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We wonder why the most borrowed template for fine dining is the French bistro. Certainly delicious, but not the fanciest cuisine France has to offer. The archetypal steak frites is a hunk of meat, some starch, and maybe a salade verte as afterthought, drowned in vin ordinaire, all served in a usually dark, red room with some cute local tchotchkes on the wall. Gallic T.G.I. Friday's, if you will. The skate wings on blood orange Grenobloise and lavender-scented plank roasted chickens that have followed, no matter how tasty, are a bit ridiculous in the face of perfect, indelicate onion soup with a Gruyere crouton.
Thus, we approached Velo Rouge with not the best attitude. A bistro with two entrees under $20 (one a steamed vegetable plate, at that) raises our hackles. This is, if we remember our European history, somewhere the Jacobins would smash. So let's talk about how we were wrong. First, about those steak frites. Velo Rouge does traditional, and many other dishes well. Very well. We avoided onion soup because it wasn't really cold enough to warrant it, but in the interest of tradition, we got some bistro chestnuts. The steak frites seemed dear at $29, but when it came, it was clear that you weren't eating the tough, gamey hanger steak sometimes pushed out of a bistro kitchen. It was a choice, near buttery cut of meat. And the frites? A good restaurant, let alone a bistro, can live or die by a French fry. These? To die for. Richly flavored, perfectly seasoned, and cooked in our mind to perfect, spun sugar crispness. Trout en papillote (“Paper bag fish,” as one of my dinner companions noted tartly) was tender and flakey — perhaps under-seasoned, but served with herbs and lemon on the side. The scallops with “crushed” (mashed) potatoes were cooked to springy, silky perfection.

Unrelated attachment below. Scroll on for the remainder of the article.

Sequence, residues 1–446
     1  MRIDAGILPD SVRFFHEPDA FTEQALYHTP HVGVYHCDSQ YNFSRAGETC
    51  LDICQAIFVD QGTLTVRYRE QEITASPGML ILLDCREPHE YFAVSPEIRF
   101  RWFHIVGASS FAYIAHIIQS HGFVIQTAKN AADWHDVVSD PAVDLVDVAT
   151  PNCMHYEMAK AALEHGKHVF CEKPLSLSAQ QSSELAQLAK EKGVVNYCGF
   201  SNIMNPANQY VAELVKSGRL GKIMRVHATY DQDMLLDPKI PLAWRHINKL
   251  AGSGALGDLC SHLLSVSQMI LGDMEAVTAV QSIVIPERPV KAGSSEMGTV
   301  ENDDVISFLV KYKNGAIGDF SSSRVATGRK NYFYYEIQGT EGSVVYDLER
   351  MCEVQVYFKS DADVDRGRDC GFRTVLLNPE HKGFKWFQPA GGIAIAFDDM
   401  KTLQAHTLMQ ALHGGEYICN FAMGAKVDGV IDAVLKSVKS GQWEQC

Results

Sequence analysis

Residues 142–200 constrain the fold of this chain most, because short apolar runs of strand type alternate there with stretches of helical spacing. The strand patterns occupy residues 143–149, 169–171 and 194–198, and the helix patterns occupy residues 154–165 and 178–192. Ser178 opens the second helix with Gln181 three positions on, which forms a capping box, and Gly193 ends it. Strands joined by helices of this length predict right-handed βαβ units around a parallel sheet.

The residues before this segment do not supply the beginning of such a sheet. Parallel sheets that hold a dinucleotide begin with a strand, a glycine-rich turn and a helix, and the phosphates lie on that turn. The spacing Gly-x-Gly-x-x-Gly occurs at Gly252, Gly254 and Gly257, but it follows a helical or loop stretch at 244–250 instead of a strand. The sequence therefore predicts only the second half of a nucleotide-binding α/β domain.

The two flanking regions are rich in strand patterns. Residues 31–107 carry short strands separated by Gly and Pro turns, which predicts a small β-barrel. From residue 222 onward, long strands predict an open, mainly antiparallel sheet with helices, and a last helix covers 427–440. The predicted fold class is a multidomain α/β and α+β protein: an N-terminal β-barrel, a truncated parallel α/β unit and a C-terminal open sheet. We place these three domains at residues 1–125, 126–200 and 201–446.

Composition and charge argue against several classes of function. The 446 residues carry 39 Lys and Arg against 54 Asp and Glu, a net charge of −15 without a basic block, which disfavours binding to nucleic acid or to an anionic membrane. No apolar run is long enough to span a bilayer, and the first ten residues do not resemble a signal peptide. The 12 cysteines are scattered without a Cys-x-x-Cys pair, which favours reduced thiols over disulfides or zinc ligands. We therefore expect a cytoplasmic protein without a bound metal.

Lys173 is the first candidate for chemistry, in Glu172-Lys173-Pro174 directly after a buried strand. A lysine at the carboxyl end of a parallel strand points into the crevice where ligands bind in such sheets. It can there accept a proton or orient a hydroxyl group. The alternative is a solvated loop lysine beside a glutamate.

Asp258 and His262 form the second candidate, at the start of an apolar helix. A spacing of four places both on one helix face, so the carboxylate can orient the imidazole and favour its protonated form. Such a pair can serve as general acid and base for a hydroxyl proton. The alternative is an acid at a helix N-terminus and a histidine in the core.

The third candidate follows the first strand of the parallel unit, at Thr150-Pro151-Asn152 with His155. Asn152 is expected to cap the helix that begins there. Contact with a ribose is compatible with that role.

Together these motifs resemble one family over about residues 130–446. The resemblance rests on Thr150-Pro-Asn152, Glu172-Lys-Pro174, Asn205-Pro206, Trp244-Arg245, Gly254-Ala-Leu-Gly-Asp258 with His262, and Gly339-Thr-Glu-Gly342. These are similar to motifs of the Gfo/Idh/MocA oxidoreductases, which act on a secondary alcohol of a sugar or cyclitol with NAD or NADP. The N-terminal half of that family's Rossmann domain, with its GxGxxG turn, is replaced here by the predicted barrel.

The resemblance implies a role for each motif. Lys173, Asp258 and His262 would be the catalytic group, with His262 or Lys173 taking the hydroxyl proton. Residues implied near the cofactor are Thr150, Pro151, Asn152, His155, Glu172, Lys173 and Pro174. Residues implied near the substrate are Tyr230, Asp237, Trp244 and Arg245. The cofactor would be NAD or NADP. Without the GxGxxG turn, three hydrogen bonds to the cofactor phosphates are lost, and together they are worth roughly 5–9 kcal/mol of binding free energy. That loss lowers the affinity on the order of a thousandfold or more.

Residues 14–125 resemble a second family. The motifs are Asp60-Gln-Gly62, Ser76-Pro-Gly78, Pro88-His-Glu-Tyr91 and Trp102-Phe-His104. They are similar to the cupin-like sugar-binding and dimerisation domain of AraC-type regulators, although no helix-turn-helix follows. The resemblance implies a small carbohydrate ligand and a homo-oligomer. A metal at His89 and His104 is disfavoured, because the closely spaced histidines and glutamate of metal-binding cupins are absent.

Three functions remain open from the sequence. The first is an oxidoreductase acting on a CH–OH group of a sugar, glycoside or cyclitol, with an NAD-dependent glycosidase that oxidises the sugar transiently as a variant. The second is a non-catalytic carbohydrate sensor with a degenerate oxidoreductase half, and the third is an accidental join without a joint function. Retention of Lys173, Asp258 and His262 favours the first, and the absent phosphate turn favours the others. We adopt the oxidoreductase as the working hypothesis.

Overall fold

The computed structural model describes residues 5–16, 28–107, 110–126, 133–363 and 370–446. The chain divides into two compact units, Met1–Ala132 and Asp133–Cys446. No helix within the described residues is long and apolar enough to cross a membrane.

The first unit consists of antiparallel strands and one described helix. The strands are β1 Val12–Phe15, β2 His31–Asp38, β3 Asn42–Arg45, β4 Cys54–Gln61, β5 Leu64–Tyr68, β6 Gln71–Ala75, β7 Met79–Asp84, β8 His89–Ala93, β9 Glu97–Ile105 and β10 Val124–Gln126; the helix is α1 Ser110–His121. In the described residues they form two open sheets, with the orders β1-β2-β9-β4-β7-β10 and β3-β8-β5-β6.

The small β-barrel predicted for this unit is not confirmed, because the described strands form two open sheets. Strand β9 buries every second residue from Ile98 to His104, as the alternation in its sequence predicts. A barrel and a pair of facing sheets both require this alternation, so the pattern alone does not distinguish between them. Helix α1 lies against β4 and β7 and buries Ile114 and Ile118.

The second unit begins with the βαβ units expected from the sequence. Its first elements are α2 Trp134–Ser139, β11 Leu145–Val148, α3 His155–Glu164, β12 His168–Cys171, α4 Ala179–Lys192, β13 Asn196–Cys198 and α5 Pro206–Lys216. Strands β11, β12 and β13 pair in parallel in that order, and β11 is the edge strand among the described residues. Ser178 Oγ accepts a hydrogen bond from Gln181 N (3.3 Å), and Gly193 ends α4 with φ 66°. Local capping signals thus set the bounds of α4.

What didn't work about this successful showing was that it was the second act in an otherwise messy production. Our previous appetizers and drink service were pokily served, and not much to write home about. The pear and endive salad was predictably fresh and tasty. The crab beignets, while not crab heavy, were well-fried and prepared. Things went south from there. The Parmesan puffs at $3, while priced to move, are curls of adequate puff pastry sprinkled with scant cheese and placed on forgettable marinara. The pork belly with Savoy cabbage and mustard (at $9, a surprising value for its size) proved disappointing for the opposite reason. It was a luxurious, and for Little Rock, ambitious dish. Well, it would've been had the pork belly not been so overcooked — a tasty crackling crust hid a tough (though generous) chunk of pork. By contrast, the cabbage was delicious — a tasty nod to both high-tone choucroute and low-end sauerkraut.
On top of that, there were some pretty glaring flaws in the service. A bottle of ketchup (for the frites, we swear) our table asked for was never seen nor heard from. Instead, a glass of wine was rather passive-aggressively “offered.” Entrees came out slowly, albeit warm, despite a request for fast service (one of our companions had a later engagement). The problem may have been in the kitchen on that one. What clearly wasn't the kitchen's fault was an annoying bill mix-up, adding 15 minutes to an already protracted dinner. (Call me a boorish American, but the unending, five-hour French service tradition is not one I get much joy from.) A shame, since the dessert was flawless, if picayune. The chocolate pot de creme and tarte tatin come recommended.
We are hesitant to too harshly criticize a restaurant in its first week of operation, especially when it hasn't even started its lunch service. Our problems with Velo Rouge could be fixed almost instantly with a bit more attentive service, a bit more care in the kitchen, and a few aggressively priced lunch specials. Even with the high ceilings and glass storefront, Velo Rouge is cozy and inviting in a way that previous occupant Nu's “Jetsons”-lite table settings weren't. Velo Rouge's virtues make us want to call it our favorite spot. But we could stand to be enticed.
225 E. Markham
Service is in growing pains, with ambitious, if flawed appetizers, though the salads are dependable. Entrees don't disappoint, especially the scallops and near perfect steak frites. Desserts, while small, are top notch. $16-$30 entrees.
Lunch 11 a.m. to 2 p.m. daily. Dinner 5 p.m. to 10 p.m. Sunday through Wednesday, 5 p.m. to 11 p.m. Thursday through Saturday.
Entrees run 20+ on average, making a full dinner pricey, if tasty. All major credit cards accepted. Luxurious full bar for waits (expect them), small,
quirky wine list.
Wow...just wow... For literally years I've held my tongue about the quality of the of…